Church Leaders in Zimbabwe Want 7-Year National Fast from Politics, Propose Referendum

Zimbabwe Heads of Christian Denominations

At a time when Zimbabwe is grappling with a myriad of challenges among them “the worst economic crisis since the 2017 coup which unseated (former) President Robert Mugabe,” leaders from various Christian denominations in the landlocked Southern Africa nation are calling for a seven-year suspension of politicking in what they have termed “a Sabbath on all political contestation” aimed at rebuilding trust and confidence among Zimbabweans.  

“We are calling the nation to SABBATH on all political contestation for a period of seven years to allow for the rebuilding of trust and confidence, reset our politics and chart a shared way forward,” Zimbabwe Heads of Christian Denominations (ZHOCD) said in a statement availed to ACI Africa.

ZHOCD is made up of heads of various Christian denominations that include Zimbabwe Catholic Bishops’ Conference (ZCBC), Evangelical Fellowship of Zimbabwe (EFZ), Union for the Development of Apostolic Churches in Zimbabwe Africa (UDACIZA) and the Zimbabwe Council of Churches (ZCC).

In these Christian leaders’ considered view, fasting from politics for a period of seven years can bear good fruit since they envision “a comprehensive economic recovery path in a non-competitive political environment.”

The leaders have outlined four objectives of their proposed “national seven-year SABBATH”, including the establishment of “an emergency recovery mechanism to address the dire national situation,” the healing of past injuries in view of rebuilding trust and confidence, the deepening of democracy through “a shared national reform agenda,” and the establishment of “a shared and inclusive national economic vision.”


The Christian leaders have described their call to a seven-year fast from politics as “a bold decision” borne out of days of prayer and discernment.

“We have prayerfully come to the conclusion that in light of the current political paralysis, deepening mistrust and the dehumanizing economic decline, the nation will need to take a bold decision to address the root causes of the our national challenges that have a very long history and will not be fully resolved by one entity,” the leaders have disclosed in their October 7 statement.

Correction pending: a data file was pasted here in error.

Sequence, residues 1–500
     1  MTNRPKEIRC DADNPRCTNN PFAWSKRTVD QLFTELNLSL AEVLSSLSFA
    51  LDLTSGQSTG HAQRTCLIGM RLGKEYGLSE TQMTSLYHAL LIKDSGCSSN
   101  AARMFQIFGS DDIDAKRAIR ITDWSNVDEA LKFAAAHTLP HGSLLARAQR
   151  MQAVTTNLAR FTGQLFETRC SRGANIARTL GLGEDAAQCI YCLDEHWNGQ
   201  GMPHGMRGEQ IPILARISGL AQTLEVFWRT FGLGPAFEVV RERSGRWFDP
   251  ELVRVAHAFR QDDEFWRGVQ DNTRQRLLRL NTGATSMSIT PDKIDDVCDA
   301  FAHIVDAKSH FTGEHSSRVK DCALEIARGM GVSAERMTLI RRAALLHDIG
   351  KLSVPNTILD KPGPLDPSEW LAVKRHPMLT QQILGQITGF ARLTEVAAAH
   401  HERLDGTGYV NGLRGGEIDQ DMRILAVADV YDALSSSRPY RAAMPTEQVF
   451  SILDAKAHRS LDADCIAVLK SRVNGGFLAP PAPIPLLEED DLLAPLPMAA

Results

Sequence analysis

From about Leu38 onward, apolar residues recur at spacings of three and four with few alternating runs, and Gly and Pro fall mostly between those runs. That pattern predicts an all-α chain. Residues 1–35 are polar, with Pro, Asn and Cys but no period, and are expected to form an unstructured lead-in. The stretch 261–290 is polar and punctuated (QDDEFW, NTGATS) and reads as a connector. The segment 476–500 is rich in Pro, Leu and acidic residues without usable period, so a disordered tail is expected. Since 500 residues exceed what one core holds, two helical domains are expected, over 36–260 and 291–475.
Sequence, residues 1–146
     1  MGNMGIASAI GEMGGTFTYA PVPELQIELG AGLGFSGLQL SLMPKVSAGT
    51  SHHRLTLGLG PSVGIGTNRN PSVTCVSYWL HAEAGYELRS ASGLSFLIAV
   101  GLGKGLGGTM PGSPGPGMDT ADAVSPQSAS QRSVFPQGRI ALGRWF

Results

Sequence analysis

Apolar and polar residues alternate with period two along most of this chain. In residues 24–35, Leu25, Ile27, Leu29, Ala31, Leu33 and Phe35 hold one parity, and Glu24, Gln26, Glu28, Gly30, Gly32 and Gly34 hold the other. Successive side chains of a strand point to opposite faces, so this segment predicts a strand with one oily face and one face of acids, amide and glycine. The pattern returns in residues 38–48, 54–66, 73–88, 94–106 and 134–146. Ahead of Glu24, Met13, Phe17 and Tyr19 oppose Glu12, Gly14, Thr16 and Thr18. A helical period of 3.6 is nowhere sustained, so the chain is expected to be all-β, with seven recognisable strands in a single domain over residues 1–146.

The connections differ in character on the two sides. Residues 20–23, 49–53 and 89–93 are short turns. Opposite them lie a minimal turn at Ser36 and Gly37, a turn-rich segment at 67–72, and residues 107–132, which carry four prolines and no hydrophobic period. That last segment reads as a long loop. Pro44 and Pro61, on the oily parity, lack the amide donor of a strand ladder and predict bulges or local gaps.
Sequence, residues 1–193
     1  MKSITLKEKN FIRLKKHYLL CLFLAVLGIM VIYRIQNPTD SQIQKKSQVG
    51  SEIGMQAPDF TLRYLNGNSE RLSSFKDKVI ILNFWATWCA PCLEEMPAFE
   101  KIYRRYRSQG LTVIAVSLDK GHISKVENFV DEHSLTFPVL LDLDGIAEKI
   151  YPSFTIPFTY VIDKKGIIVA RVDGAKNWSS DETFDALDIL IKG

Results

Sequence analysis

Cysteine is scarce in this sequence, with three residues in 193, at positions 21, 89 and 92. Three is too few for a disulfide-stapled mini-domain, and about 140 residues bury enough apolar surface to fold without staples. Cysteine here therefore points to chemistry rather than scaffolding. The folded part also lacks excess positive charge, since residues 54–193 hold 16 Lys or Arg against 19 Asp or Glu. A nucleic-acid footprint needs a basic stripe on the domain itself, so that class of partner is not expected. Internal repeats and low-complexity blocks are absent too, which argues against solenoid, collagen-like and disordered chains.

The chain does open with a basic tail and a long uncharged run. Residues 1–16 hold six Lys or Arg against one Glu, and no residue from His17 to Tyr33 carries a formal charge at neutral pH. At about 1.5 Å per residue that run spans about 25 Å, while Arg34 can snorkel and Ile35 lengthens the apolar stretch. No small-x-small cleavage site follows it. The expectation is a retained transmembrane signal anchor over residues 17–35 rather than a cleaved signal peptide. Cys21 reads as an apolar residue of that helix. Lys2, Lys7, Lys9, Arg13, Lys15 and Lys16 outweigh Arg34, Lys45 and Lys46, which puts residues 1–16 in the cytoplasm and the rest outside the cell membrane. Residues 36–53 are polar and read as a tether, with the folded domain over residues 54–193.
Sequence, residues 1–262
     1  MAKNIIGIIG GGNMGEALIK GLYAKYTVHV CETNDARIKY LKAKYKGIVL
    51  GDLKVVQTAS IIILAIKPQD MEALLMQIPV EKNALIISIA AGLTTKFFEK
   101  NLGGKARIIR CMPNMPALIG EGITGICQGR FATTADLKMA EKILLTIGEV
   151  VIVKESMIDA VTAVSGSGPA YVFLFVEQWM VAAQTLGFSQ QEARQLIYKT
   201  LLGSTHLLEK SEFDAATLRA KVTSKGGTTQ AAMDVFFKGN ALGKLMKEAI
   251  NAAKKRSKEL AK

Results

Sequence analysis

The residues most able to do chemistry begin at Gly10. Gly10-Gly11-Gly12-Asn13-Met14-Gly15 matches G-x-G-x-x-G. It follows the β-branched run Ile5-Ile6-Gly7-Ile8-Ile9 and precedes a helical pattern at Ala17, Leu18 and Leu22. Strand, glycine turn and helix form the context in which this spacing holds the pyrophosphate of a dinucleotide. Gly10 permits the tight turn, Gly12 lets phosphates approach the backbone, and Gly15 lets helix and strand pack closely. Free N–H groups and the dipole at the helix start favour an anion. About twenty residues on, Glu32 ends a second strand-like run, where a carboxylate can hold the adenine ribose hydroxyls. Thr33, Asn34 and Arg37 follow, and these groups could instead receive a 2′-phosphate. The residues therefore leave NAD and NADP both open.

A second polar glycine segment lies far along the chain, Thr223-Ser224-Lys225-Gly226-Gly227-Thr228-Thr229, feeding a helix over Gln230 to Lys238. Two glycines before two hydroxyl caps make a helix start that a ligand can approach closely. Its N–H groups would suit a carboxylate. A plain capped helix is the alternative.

The leaders traced the concept of SABBATH in the scriptures saying, “It is based on God’s command to his people to set aside the seventh day for a rest. Seven years were also considered as SABBATH years.”

In the place of engaging in unending politics that seem not to bring lasting solutions, the leaders under their umbrella body ZHOCD have argued, Zimbabweans would “focus the period (seven years) on healing past wounds, recover the economy, and build  a new political culture of cooperation focused on nation-building.”

The Christian leaders have justified their “national Sabbath call” by underlining the absurdity of politics in their country stating, “The fact that the two main political parties remain stuck in the post-election mode and will soon embark on a new election mode means that Zimbabwe is unlikely to realize any meaningful engagement between these parties towards a shared constitutional alignment agenda.”

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“In the current context, the citizens have grown weary from struggling against the never-ending waves of electoral polarization that undermine their hard work, disrupt community building and erode progress,” the Christian leaders have stated, providing further justification for their call for a fast from politics for seven years.

Recognizing the limitations of their influence and the need to solicit the consent of Zimbabweans to support their call for a fast from politics, the four-body Church leaders are proposing a national referendum.

In their view, “the national referendum question would seek to ascertain from all Zimbabweans whether they agree with a proposal for a seven-year suspension of all political contestation for the sake of rebuilding trust and confidence by healing to all hurts of the past, sharing and executing a shared constitutional and political national reform agenda,  and establishing and implementing a shared national economic vision.”

They are regarding the sabbath call as a long-term process that would affect the delivery of essential services to citizens and have stated, “we as the church commit ourselves to upscaling our efforts towards health, education, development and humanitarian assistance.”

The leaders have also appealed to other stakeholders to intervene saying, “We call upon all political actors, state and non-state actors to respond to the immediate need for humanitarian assistance and social services to alleviate the suffering of Zimbabweans.”